Germany's ambassador to Zimbabwe has expressed frustration over Save Conservancy, a multi-million dollar wildlife sanctuary in which European Union nationals have business interests, but has since been invaded by top Zanu PF officials
Ambassador Ulrich Klockner said the dispute over control of the sanctuary where German investor Wilfried Pabst is vice chairman, was "taking much of my time (which) I would like to spend engaging in positive projects aimed at helping revive the (Zimbabwe's) ailing economy".
Germany has strong partnerships with the Bulawayo and Norton local authorities where it is assisting in the rehabilitation of water and energy infrastructure.
The EU member state plans to extend the cooperation to other towns such as Harare and Redcliff in the Midlands after local authorities there recently approached its Harare embassy appealing for assistance.
However, in an interview with NewZimbabwe.com, Ambassador Klockner said, since his arrival in Zimbabwe late last year, he has been spending much of his time convincing compatriots with investments in the country that their assets were safe.
The envoy said this was "not healthy" as he would want to concentrate on projects that improve the country's economy.
"We should be concentrating on how can we solve the energy problem, how can we get business rather than just travelling around the country trying to calm some citizens who are afraid that they might lose what they worked on for 50 years," said the envoy.
His remarks come after the government insisted that it would not to reverse its decision to indigenise the wildlife conservancy which was last year invaded by top Zanu PF officials, sparking threats of aid cut by the EU.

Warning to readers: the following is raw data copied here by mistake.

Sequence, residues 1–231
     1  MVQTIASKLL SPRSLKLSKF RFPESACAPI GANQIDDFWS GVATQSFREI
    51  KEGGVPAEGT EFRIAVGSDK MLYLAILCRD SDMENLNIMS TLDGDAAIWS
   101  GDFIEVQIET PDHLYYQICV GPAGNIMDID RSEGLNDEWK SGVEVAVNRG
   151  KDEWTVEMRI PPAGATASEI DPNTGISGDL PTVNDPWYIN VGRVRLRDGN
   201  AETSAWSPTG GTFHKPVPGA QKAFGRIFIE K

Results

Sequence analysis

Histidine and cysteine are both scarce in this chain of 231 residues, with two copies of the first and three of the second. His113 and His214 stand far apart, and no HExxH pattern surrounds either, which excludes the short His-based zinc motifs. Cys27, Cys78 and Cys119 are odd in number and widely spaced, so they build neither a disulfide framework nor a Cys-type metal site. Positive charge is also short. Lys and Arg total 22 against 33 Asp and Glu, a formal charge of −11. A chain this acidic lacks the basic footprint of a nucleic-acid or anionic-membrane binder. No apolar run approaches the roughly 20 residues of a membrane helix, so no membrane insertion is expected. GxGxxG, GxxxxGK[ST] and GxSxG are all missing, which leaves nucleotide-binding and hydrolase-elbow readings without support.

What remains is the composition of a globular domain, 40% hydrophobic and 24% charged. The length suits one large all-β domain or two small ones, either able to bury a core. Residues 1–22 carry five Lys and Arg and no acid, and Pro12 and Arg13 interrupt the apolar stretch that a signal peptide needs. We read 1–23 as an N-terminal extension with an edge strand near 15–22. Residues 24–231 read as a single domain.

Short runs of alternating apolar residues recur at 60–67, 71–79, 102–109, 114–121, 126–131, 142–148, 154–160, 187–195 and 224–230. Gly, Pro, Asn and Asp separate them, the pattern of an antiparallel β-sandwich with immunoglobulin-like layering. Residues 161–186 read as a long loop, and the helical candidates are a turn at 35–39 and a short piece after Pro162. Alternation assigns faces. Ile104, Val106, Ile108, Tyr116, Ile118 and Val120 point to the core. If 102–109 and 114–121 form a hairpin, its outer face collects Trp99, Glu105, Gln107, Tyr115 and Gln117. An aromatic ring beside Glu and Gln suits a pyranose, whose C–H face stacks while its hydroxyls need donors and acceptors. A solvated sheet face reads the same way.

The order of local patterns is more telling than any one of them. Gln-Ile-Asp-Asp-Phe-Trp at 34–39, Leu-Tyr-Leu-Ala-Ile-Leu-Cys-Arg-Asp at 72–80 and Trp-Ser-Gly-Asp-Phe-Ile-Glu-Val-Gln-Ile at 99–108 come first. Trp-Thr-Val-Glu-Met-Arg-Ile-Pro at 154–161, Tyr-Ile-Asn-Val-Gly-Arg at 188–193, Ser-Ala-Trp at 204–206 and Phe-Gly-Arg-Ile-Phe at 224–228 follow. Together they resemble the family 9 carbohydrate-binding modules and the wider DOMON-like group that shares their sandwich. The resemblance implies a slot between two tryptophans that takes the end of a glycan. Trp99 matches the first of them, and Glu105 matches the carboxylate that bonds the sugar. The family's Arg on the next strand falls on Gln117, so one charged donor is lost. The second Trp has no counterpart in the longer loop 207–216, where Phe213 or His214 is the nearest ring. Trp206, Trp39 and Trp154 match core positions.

The conservancy is a major attraction for tourists and professional hunters, especially from western countries, who pay thousands of dollars for the chance to see - or hunt - the wild animals living there.
Located in the arid Masvingo province, the preserve covers an area of some 3400 square kilometers.
Founded in 1991, it is co-owned by groups of foreign and local whites, as well as black Zimbabweans who regulate the hunting and protect endangered wildlife such as elephants, rhinos and buffalo.
Since its establishment, the conservancy has been managed in partnership with Zimbabwe's state-run Agriculture and Rural Development Authority.
Saviour Kasukuwere, minister for environment, insisted that indigenisation of the sanctuary would go ahead.
He said apart from economically empowering black Zimbabweans, involving them in the park's operations would also boost wildlife conservation efforts, as they would have an incentive to protect animals rather than hunt them.
Kasukuwere however, stressed that only those properties owned by white Zimbabweans would be affected by the indigenisation policy, which seeks to grant black Zimbabweans a minimum 51-percent stake in the conservancy.
"Foreign-owned properties will not be affected as they are protected under investment laws, but those [properties\ of local whites will be," he said.
Property held by foreigners is protected from appropriation by the state under the Bilateral Investment Promotion and Protection Agreements (BIPPAs) signed by Zimbabwe and various E.U. governments.